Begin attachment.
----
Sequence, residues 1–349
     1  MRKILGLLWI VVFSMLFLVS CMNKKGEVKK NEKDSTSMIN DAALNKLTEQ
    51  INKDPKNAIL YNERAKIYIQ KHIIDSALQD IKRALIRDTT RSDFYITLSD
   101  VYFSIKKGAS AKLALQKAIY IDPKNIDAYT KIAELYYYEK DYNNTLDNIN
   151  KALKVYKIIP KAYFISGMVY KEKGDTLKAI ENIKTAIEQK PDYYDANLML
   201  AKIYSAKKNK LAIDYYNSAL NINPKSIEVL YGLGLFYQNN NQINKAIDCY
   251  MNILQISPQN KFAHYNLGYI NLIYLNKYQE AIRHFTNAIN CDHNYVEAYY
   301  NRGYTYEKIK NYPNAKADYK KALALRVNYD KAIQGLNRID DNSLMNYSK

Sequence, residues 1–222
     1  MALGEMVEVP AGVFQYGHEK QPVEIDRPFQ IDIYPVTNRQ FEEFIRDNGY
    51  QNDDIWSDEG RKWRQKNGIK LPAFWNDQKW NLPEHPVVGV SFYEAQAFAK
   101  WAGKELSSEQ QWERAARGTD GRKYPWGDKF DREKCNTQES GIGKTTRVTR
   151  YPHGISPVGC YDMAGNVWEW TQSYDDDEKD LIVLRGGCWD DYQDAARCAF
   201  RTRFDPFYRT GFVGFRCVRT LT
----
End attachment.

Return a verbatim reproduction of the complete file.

Sequence, residues 1–349
     1  MRKILGLLWI VVFSMLFLVS CMNKKGEVKK NEKDSTSMIN DAALNKLTEQ
    51  INKDPKNAIL YNERAKIYIQ KHIIDSALQD IKRALIRDTT RSDFYITLSD
   101  VYFSIKKGAS AKLALQKAIY IDPKNIDAYT KIAELYYYEK DYNNTLDNIN
   151  KALKVYKIIP KAYFISGMVY KEKGDTLKAI ENIKTAIEQK PDYYDANLML
   201  AKIYSAKKNK LAIDYYNSAL NINPKSIEVL YGLGLFYQNN NQINKAIDCY
   251  MNILQISPQN KFAHYNLGYI NLIYLNKYQE AIRHFTNAIN CDHNYVEAYY
   301  NRGYTYEKIK NYPNAKADYK KALALRVNYD KAIQGLNRID DNSLMNYSK

Sequence, residues 1–222
     1  MALGEMVEVP AGVFQYGHEK QPVEIDRPFQ IDIYPVTNRQ FEEFIRDNGY
    51  QNDDIWSDEG RKWRQKNGIK LPAFWNDQKW NLPEHPVVGV SFYEAQAFAK
   101  WAGKELSSEQ QWERAARGTD GRKYPWGDKF DREKCNTQES GIGKTTRVTR
   151  YPHGISPVGC YDMAGNVWEW TQSYDDDEKD LIVLRGGCWD DYQDAARCAF
   201  RTRFDPFYRT GFVGFRCVRT LT